Football Friends Online – When 90 Mins Is Not EnoughPearce finds perfect answer with excelling experience - Football Friends Online - When 90 Mins Is Not Enough Pearce finds perfect answer with excelling experience - Football Friends Online - When 90 Mins Is Not Enough

Pearce finds perfect answer with excelling experience

Team GB’s unique odyssey into the football competition of the home 2012 Olympic Games rolls into Cardiff’s Millennium Stadium on Wednesday as Stuart Pearce’s men need just a point from an appointment with Uruguay to progress into the quarter-finals. It is fitting for Team GB that the group decider should come in the country that has hailed the two catalysts for the side’s promising position in these games, the aging excellence of Craig Bellamy and Ryan Giggs.

That Pearce should be exhuming about the professional qualities of his lynchpin duo, two of the three overage picks in the ex-England defender’s squad together with Micah Richards, on the eve of such an important match is no surprise in that with two superb performances from each evergreen international, they have spearheaded to a promising position a squad which resides mostly on the youthful side of 23 years of age.

Like the strategic floor-organisers of the play, pulling the strings for the more significant parts of the drama to seize the stage, there has been somewhat of a contradiction in 38 year old Giggs and 33 year old Bellamy’s performances in that it has stolen some of the limelight from those who were billed to shine brightest in a competition catered for under-23s. Joe Allen and Tom Cleverley were adept in ball retention against the UAE while Daniel Sturridge has performed well in both games, Scott Sinclair emerged from the bench to break a nervous re-deadlock in the second match, but it has all been against the backdrop of the contributions made by the two elder-statesmen who have played a part in 3 of the 4 goals scored so far.

It was Giggs’ free-kick which caused ultra-confusion in the box for Bellamy to sweep home against Senegal, while Bellamy returned the favour for the Manchester United midfielder’s header to open the deadlock against UAE at Wembley. Giggs was withdraw for Swansea’s promising Sinclair later on Sunday night, but Bellamy’s continuous influence allowed the winger to immediately make an impact by sweeping home the Liverpool man’s cross. An audacious lob by Sturridge later and Team GB sit pretty at the top of group A, a decent feat for Pearce when it is considered Spain’s passing masters quest for global domination has already stalled with elimination from group D.

It is in group C where the most obvious threat to the gold medal lies of course with a rejuvenated Brazil relying on two twenty year olds the grotesquely talented Neymar and new £25 million Chelsea signing Oscar. Contributions from Hulk and Lucas Moura should not be overlooked in what is a hugely talented squad at the disposal of Mano Menezes, but it comes in a tournament in which the undeniable talent of the likes of Iker Munian, Jordi Alba, Juan Mata and Javi Martinez have failed to stamp their mark in successive 1-0 defeats to Japan and Honduras. Even Liverpool’s twinkle-footed Luis Suarez has looked a diminished force for tomorrow’s opposition of Uruguay, while Team GB find a kind of typifying solace in the never-ending class of two attacking midfielders in the late Autumn of their careers.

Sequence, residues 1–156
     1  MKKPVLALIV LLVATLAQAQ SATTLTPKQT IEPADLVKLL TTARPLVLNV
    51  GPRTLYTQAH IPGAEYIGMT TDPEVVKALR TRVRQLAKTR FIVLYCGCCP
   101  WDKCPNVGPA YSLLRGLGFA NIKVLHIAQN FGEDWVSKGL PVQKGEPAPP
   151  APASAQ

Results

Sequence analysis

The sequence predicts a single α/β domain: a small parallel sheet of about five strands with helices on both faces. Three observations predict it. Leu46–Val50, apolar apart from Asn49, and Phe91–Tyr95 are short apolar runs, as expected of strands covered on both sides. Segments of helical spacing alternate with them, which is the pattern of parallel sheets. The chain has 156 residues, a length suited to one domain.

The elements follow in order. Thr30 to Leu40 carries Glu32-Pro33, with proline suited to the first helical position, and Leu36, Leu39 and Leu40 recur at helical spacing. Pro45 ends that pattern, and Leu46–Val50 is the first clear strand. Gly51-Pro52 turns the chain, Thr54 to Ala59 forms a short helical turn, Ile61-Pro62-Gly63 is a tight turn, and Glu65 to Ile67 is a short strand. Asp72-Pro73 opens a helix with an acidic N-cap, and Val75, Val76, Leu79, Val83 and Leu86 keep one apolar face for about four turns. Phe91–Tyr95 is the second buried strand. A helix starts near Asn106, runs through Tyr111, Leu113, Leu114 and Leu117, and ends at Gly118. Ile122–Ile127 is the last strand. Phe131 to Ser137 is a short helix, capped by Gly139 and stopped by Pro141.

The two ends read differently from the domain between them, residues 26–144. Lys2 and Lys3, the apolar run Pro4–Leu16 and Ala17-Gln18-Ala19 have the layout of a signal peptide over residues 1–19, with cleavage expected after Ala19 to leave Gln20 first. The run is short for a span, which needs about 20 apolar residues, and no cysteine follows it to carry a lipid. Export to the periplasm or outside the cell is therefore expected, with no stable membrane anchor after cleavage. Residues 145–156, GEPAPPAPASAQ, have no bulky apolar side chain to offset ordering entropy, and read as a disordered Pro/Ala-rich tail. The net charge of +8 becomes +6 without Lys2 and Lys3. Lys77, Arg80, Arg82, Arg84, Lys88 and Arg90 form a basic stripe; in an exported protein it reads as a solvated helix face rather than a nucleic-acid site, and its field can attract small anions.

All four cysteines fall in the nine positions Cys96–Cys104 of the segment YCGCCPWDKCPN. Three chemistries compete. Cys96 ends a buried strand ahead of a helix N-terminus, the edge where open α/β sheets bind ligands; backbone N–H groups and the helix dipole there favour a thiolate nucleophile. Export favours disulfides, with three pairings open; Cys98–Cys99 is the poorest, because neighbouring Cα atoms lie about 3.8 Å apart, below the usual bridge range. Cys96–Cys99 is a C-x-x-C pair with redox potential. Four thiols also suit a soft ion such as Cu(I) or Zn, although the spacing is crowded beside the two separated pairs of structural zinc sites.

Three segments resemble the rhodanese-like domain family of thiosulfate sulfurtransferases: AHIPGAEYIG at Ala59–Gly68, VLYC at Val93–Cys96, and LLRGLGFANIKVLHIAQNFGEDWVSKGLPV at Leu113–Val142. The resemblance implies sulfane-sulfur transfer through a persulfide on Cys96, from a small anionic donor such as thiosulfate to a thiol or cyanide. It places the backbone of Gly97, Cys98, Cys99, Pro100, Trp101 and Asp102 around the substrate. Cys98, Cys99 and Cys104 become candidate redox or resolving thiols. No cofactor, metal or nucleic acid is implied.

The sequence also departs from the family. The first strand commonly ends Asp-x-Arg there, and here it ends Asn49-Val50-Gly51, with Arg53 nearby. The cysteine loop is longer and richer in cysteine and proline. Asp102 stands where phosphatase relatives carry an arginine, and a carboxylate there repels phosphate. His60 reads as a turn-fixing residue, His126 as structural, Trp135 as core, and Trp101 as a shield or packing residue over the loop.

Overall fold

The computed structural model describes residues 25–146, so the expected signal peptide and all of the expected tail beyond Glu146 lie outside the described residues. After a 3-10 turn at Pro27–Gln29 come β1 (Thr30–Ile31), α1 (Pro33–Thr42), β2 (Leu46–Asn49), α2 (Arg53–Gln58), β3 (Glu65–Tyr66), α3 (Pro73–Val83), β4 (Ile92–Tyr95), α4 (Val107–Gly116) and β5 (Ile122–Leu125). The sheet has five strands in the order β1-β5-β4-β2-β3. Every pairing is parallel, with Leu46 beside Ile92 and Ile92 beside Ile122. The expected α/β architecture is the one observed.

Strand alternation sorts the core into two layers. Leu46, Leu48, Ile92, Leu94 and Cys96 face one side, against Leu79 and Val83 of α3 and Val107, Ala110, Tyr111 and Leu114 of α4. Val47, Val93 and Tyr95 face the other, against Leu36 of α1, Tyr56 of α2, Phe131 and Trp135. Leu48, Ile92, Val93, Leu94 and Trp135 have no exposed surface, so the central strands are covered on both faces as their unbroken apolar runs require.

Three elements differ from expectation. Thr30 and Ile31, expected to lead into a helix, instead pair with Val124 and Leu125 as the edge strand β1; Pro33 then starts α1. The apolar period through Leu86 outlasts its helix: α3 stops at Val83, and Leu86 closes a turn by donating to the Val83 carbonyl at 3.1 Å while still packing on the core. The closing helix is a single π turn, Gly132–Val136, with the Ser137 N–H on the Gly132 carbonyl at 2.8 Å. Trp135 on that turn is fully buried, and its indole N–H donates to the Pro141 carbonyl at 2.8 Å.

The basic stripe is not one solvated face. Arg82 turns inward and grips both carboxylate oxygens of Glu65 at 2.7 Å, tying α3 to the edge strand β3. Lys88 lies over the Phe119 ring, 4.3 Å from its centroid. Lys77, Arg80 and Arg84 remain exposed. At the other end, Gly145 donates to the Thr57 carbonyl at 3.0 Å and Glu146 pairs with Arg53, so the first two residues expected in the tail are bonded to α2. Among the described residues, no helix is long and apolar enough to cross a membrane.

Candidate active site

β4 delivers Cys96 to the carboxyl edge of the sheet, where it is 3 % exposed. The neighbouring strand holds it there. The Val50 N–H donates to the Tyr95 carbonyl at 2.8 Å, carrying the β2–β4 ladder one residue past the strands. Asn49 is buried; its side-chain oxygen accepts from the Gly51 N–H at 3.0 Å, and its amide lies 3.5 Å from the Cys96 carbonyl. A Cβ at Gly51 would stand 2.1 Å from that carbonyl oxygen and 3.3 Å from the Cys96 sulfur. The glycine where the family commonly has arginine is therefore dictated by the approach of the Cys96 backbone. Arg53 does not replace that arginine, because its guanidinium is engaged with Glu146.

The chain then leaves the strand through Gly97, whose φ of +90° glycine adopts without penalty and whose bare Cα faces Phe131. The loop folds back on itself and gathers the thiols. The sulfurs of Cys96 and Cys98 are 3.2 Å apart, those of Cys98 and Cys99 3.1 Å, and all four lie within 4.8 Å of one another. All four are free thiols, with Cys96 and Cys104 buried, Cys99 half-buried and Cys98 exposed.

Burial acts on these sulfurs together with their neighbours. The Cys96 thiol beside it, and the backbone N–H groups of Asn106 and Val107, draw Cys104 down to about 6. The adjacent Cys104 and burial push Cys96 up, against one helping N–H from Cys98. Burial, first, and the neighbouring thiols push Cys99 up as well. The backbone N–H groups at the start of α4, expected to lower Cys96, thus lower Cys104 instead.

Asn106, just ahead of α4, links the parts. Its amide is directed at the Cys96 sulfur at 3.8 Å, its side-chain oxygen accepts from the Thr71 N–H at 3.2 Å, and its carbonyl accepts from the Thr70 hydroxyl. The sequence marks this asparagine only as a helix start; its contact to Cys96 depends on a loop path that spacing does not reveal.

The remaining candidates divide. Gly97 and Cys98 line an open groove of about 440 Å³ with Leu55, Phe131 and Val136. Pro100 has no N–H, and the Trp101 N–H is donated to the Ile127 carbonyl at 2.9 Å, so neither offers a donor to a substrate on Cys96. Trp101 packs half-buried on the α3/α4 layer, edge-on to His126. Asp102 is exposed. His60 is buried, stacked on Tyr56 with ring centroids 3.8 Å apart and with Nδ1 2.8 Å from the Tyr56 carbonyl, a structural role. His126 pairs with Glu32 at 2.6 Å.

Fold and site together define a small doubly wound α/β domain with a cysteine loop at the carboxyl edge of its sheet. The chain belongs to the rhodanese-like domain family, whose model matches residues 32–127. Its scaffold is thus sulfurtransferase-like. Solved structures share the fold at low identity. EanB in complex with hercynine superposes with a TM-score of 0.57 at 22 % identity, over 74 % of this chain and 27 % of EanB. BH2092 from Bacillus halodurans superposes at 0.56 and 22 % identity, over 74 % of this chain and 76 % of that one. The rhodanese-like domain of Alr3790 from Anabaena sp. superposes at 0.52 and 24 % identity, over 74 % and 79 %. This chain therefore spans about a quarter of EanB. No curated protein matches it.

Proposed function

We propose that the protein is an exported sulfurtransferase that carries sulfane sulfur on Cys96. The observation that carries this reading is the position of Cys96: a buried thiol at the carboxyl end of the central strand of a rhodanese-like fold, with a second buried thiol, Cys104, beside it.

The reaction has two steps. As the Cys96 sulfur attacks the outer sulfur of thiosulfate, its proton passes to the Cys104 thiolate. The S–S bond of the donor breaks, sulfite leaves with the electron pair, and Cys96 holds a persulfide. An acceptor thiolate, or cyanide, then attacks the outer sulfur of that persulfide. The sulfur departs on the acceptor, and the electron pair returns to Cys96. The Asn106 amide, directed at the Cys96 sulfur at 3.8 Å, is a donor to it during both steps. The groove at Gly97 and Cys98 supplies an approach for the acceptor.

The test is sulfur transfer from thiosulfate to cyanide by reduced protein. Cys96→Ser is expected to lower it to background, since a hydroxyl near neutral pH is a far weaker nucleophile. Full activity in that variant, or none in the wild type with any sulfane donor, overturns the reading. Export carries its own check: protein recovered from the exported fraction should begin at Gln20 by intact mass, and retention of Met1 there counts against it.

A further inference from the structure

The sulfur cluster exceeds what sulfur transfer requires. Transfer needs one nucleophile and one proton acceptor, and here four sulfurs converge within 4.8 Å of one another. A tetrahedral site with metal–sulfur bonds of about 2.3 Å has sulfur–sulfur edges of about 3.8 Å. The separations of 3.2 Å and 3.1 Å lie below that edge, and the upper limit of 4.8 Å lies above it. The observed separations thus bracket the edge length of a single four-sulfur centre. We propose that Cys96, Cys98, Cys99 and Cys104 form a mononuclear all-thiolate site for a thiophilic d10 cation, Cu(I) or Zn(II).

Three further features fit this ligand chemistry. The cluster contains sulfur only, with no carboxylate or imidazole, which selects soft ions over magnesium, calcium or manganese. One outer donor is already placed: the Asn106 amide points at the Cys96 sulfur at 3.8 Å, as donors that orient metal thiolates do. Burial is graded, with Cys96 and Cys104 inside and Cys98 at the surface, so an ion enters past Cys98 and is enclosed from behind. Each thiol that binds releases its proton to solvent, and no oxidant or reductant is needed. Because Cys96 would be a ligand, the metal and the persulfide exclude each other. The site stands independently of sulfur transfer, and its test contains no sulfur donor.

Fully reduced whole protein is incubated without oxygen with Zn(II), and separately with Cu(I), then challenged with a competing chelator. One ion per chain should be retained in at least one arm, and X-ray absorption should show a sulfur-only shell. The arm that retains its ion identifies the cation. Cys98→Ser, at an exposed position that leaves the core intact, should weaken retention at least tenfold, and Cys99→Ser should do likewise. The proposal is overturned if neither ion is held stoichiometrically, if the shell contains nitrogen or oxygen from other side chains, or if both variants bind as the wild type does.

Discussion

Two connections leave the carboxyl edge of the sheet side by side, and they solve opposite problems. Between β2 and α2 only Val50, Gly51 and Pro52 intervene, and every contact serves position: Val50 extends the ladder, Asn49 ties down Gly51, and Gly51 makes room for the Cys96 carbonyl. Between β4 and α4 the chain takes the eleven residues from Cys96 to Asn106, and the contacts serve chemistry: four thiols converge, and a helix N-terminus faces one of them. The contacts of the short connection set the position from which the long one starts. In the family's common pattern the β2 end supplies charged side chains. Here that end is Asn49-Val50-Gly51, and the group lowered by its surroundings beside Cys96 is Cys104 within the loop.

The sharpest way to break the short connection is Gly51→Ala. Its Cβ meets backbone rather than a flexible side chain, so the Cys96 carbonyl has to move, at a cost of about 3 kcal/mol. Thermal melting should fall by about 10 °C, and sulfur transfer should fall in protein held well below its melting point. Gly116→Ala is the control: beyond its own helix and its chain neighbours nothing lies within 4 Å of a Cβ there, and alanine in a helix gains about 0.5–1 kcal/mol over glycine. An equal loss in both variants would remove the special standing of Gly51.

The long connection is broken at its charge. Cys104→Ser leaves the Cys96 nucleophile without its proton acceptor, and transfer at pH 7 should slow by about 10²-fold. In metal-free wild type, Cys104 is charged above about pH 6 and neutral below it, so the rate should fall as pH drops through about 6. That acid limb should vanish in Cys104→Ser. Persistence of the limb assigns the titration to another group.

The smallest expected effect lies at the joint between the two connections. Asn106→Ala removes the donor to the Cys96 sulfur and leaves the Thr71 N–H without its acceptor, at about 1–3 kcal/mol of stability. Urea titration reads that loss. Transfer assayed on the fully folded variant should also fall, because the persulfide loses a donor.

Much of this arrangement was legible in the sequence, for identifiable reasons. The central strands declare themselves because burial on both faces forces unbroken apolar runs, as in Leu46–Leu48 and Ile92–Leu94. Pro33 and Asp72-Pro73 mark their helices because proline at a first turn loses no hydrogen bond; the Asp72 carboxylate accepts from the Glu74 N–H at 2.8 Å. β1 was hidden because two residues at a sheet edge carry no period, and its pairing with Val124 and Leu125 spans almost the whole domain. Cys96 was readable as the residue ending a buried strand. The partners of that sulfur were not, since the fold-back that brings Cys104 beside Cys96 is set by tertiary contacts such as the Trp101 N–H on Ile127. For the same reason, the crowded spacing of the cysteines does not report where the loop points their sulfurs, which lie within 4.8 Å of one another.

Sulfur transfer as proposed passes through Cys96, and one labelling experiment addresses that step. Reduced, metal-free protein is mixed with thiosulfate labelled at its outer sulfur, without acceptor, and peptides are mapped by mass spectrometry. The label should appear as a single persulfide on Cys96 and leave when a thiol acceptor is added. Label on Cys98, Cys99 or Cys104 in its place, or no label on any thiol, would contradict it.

At one year Giggs’ junior, it would be wrong not to mention the presence of David Beckham around the periphery of the squad, stubbornly denied a place in the squad despite the fanfare and support that threatened to engulf Pearce’s preparations. Beckham’s decision to take a place in the obscure back-waters of the MLS in America as well as an unfortunate history with injuries has seen his importance diminish in a sporting realm, settling instead for his ambassadorial role that hit an underwhelming crescendo by contributing to the opening ceremony via way of speedboat. Giggs, his former wing-partner at Manchester United, has instead remained a disciple of professionalism and has seen a steady flow of medals and trophies as a result. That Giggs is still proving his class, in admittedly new waters of a major international stage that has eluded such a fine career, is testament to the sporting excellence he has subscribed too. Beckham meanwhile, can only dream of having the same impact in competition.

Stuart Pearce, who will understand better than most the vitality of keeping a committal to professionalism having been available to England until the ripe old age of 37, is fully within his rights to indulge in the sensational example being set by Giggs and Bellamy in their mid-30s to a generation that operates at a decade their junior. The journey that this Team GB side has embarked on, from the controversy of its initial entry to the vociferous disappointment of the Beckham exclusion, if Giggs and Bellamy can prove their unshakeable class to be infectious to the younger members of the squad and help, for instance, the rehabilitation of the formerly injured Aaron Ramsey, it will be a journey thoroughly proven in worth.